Time to increase the Minimum Wage
We all know a young adult who wants to start on his own but has to live at home while paying off enormous students’ debt. And a senior without a pension sufficient to cover her living expenses who must continue to work, often in a low-paying job, well into her 70s. And a single mother who can’t go to work because earning minimum wage won’t cover the cost of childcare.
When the minimum wage is $10.25/hour (or soon to be a mere 20 cents more) these stories are inevitable. In fact, a full-time worker earning BC’s minimum wage will find herself more than $6,000 behind the poverty line, even more if she is supporting a family.
6.4 percent of workers in our province earn the minimum wage. That’s 120,000 people who are struggling to make ends meet. People from all demographics:
It is important to dispel the myth that minimum wage earners are all young people.
Nearly half - 47 percent – are older than 25. 63 percent are women. They are adults trying to establish a career; mothers and fathers trying to raise their families; and students trying to pay for their studies.
Shockingly, nearly 10,000 are over age 55. Seniors who simply cannot afford to retire, and are stuck in low wage jobs to keep paying the bills.
In a province as wealthy as ours, it is simply unacceptable that the government has set a minimum wage that entrenches thousands of people to a life of poverty.
That is why the BC Federation of Labour launched the Fight for $15 Campaign to raise the minimum wage to $15/hour.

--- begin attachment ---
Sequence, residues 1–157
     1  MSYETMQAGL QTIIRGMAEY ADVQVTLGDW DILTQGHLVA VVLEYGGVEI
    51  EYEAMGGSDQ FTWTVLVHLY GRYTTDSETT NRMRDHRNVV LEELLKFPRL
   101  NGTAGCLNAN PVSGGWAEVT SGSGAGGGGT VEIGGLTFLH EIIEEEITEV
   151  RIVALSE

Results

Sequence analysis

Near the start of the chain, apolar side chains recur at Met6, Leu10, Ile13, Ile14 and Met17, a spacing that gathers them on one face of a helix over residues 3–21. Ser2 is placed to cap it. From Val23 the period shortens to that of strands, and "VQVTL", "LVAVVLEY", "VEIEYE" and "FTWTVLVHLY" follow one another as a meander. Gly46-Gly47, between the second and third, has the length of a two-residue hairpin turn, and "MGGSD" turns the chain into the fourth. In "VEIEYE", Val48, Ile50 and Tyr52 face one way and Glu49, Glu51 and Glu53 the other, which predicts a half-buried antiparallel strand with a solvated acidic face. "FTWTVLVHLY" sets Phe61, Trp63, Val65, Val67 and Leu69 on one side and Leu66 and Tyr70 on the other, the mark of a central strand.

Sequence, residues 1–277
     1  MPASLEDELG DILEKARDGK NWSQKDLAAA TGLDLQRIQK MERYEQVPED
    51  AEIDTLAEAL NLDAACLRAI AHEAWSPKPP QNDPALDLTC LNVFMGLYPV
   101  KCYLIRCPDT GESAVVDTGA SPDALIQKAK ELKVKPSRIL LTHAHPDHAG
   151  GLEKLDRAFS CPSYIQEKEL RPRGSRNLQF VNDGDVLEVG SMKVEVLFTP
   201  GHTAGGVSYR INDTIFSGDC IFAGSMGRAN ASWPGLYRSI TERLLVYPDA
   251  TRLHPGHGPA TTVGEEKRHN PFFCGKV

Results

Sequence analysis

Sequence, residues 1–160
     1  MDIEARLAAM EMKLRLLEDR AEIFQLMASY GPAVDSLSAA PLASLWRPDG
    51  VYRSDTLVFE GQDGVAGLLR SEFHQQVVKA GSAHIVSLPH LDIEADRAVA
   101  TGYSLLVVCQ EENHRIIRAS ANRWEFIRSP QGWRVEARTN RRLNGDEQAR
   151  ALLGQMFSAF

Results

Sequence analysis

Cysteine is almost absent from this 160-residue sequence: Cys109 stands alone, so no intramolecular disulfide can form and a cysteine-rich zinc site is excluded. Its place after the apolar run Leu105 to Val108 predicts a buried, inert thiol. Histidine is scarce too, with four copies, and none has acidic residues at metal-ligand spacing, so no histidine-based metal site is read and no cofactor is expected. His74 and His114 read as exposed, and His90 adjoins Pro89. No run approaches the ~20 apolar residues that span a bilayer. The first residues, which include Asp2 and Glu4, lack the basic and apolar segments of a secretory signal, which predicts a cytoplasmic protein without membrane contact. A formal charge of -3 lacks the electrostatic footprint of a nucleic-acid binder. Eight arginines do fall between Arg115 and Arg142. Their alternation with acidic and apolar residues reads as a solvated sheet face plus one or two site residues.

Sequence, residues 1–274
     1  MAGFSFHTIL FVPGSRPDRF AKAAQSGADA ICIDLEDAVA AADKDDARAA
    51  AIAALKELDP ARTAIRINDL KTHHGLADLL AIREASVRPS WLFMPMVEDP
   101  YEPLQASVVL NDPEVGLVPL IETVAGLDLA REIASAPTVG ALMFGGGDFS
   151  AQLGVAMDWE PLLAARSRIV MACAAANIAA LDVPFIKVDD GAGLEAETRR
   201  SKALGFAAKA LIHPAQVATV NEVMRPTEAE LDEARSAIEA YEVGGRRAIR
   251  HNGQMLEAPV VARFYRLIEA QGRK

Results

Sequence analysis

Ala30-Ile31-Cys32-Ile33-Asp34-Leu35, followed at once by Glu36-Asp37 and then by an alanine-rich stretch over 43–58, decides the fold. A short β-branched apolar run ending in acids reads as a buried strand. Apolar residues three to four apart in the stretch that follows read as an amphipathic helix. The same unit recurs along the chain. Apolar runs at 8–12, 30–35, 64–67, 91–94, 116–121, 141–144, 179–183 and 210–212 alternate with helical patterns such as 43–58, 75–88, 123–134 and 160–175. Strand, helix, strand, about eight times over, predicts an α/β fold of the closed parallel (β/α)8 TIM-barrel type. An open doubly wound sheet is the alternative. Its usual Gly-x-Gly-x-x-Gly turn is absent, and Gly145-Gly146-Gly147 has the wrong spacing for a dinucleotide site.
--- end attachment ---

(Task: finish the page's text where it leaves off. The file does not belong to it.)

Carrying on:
The BC government recent announcement (March 2015) that the minimum wage will be raised a mere 20cents to $10.45/hour and then be tied to annual inflation has only served to guarantee low wage workers to a life of poverty.
While politicians make excuses, working people are left behind. Even with the pathetic 20 cent lift, BC’s minimum wage is one of the lowest in Canada (ranking 10th out of 13 provinces and territories).
In a province so rich in resources and opportunity, this is simply unacceptable. The BC Liberal government needs to get serious about addressing poverty and income inequality.
Most people get it. A recent poll showed that 75 percent of British Columbians support a “significant and immediate increase to the minimum wage,” and 80 percent say that an increase is “reasonable considering the cost of living.”
We aren’t the only ones talking about this issue. Income inequality has become an important topic of discussion right across North America.
Other jurisdictions are moving to a $15/hour minimum wage – Seattle and San Francisco are two examples. There is a road map being developed, and BC should be part of setting that agenda.
Of course, people have concerns. What about small businesses?
You don’t need to be an economist to know that the best thing for businesses is when working people have money in their pockets to spend. These same workers are the customers that keep local shops and services in business. An increased minimum wage is actually an investment in the community and the local economy.
We can’t afford to have working people living in poverty – that is what really hurts businesses.
We all want to live in a fair society where people have the means to look after themselves and their families. To do this we need to start making real policy change, and one of those changes must be raising the minimum wage to $15/hr.
Help us achieve this goal. Sign the petition and join the campaign at www.fightfor15bc.ca
When we work together, we can bring about real change. Let’s build an economy that works for everyone.
More information about the Fight for $15 campaign and important facts about minimum wage in BC, see the Fight for $15 Fact Sheets attached: